Furthermore, the issue of the game being too easy for players and too hard for the DM to run is compounded by the issue of high-level spells that we just discussed. I mean, everything just adds up, doesn’t it? 

#4 There isn’t much published content for high levels.

Wizards of the Coast has published three adventures for parties of over level 15, and only one of these, Dungeon of the Mad Mage, is a cohesive adventure from low to high level. The other two appear in “collections” of adventures, Candlekeep Mysteries and Tales of the Yawning Portal. The upcoming “Planescape” set is supposed to have an adventure for level 17 characters. Still, again, that doesn’t seem to be part of a larger adventure. What this means, of course, is that dungeon masters who don’t want to homebrew their own adventures are crap out of luck. 

So, you might be asking: Why doesn’t WOTC publish more high-level adventures? Well, I’ll tell you why, but it probably differs from what they’ll say. I suspect the official reason is, “We’ve done surveys, and most players say they enjoy low- and mid-level play more. Therefore, we are just giving players what they want.” And my counter to that is to ask, “Why do you think players enjoy low- and mid-level games more? Could it be because the higher levels—say, after 12, and certainly level 15—are mostly unplayable for the various reasons we’re discussing?” 

Now, I think the folks working at WOTC are very smart and undoubtedly know about this. They also know that designing adventures and modules for high-level play is extremely challenging. After all, how do you design an adventure for a GM to run when the players could just use their powerful abilities and spells, thus causing the GM to have to throw out practically everything in the adventure and improvise on the fly? Now, I’m not knocking improvisation. I’m saying that when a GM buys a module, they want to be able to use it, not just have to homebrew everything anyway. 

If you look at some of the old-school modules and even some modern ones, they acknowledge the game-breaking nature of many of these spells by specifically banning them in the adventure. Of course, they may not have banned them outright, but they put story reasons into the adventure that made them not work. In Ravenloft, plane travel just doesn’t work. Why? Oh, because of dark powers, that’s why. Certainly not because plane travel would make escaping Ravenloft trivial and thus invalidate the entire module.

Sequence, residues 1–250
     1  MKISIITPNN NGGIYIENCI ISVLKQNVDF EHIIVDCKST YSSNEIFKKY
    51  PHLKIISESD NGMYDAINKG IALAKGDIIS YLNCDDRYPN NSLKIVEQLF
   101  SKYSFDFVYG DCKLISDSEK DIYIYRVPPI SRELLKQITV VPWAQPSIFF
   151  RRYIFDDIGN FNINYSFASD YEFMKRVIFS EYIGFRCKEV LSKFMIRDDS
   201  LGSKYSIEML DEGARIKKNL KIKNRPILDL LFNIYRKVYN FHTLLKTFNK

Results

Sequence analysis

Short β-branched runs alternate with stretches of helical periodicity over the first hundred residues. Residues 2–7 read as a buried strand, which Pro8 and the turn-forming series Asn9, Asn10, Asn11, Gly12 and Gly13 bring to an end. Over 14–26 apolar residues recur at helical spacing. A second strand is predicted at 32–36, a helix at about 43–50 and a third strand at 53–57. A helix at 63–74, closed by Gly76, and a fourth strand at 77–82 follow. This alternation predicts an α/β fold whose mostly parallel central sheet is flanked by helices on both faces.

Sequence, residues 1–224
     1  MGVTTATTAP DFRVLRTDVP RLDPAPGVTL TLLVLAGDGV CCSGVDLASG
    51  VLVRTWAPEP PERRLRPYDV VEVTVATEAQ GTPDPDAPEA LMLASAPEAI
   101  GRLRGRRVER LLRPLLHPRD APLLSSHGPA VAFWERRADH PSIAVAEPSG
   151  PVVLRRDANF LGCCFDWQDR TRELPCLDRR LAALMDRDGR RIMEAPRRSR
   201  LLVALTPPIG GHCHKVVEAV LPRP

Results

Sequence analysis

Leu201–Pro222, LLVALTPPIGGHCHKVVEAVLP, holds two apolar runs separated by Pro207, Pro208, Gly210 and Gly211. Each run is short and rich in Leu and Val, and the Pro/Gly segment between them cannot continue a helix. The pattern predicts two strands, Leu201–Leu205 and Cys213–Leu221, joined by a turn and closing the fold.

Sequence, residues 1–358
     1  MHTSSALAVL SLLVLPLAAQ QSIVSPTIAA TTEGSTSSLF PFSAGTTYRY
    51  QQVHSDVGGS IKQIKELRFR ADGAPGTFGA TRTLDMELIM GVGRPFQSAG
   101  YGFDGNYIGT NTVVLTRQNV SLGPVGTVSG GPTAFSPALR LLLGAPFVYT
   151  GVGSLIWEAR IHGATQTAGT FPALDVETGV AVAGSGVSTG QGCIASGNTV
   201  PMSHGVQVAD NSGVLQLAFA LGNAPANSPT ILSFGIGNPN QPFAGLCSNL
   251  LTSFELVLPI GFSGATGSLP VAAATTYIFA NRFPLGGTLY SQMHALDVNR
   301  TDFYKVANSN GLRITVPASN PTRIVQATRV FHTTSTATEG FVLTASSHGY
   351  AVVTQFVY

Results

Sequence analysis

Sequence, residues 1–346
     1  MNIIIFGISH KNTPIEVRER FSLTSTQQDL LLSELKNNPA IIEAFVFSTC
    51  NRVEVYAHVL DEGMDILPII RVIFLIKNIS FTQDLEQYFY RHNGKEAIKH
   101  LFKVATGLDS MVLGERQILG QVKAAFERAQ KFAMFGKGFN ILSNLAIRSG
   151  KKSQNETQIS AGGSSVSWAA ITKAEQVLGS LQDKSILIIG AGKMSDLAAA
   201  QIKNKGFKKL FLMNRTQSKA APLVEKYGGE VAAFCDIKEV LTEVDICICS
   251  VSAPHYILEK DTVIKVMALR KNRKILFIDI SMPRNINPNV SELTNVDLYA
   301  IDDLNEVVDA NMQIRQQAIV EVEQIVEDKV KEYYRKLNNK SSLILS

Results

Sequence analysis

#5 The incredibly low chance of character death makes combat less thrilling.

At higher levels, death is rarely permanent. If a character somehow manages to die (which, by the way, is nearly impossible), they’ll be resurrected again before anyone bats an eye. As long as one character with a raise dead spell survives a near-TPK or one character can load the bodies into a cart and haul them all back to town, the entire party will likely come back . . . and if most of the body is missing, there’s always reincarnation. 

Fun fact: In my in-person group, we have an ongoing joke about whether or not a character is wearing a “do not reincarnate” bracelet. In part, this is because some players would rather just roll a new character than risk their character coming back as a species they don’t want to play—or one that breaks their build. 

I’ve made entire videos about this, so I won’t belabor the point, but in combat, risk equals reward, and a game with no risk is boring. Most board games have a way to win or lose; a game you can’t lose isn’t as exciting. Competitive sports are only popular because fans want their teams to win and feel the agony of defeat. Well, the same thing applies to TTRPGs. 

#6 Combat is a slog at higher levels.

Anyone who has played high-level D&D can attest to how long combat often takes; it isn’t unusual for combat to take one to two hours. If it’s a boss fight—shoot, I’ve had those last a full four-hour game session. 

Why does this happen? I think there are a few reasons. First, player and dungeon master turns just take a whole lot longer. There are more spells, abilities, and options to consider, and adjudicating them takes longer. Next, hit point pools are much higher for both players and monsters. Now, you would think that it wouldn’t matter because damage is also scaling, and yes, it does, but not nearly as much as hit points. The result is monsters that just take a long time to go down.